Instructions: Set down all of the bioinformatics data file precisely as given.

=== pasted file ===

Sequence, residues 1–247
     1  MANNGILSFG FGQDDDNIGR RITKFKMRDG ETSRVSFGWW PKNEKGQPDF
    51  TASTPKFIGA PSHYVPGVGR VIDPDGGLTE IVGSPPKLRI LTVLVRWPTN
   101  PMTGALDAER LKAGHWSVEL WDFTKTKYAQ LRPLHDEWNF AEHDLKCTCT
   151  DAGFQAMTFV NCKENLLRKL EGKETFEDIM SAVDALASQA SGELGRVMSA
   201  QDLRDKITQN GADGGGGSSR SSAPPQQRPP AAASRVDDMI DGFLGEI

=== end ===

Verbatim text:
Sequence, residues 1–247
     1  MANNGILSFG FGQDDDNIGR RITKFKMRDG ETSRVSFGWW PKNEKGQPDF
    51  TASTPKFIGA PSHYVPGVGR VIDPDGGLTE IVGSPPKLRI LTVLVRWPTN
   101  PMTGALDAER LKAGHWSVEL WDFTKTKYAQ LRPLHDEWNF AEHDLKCTCT
   151  DAGFQAMTFV NCKENLLRKL EGKETFEDIM SAVDALASQA SGELGRVMSA
   201  QDLRDKITQN GADGGGGSSR SSAPPQQRPP AAASRVDDMI DGFLGEI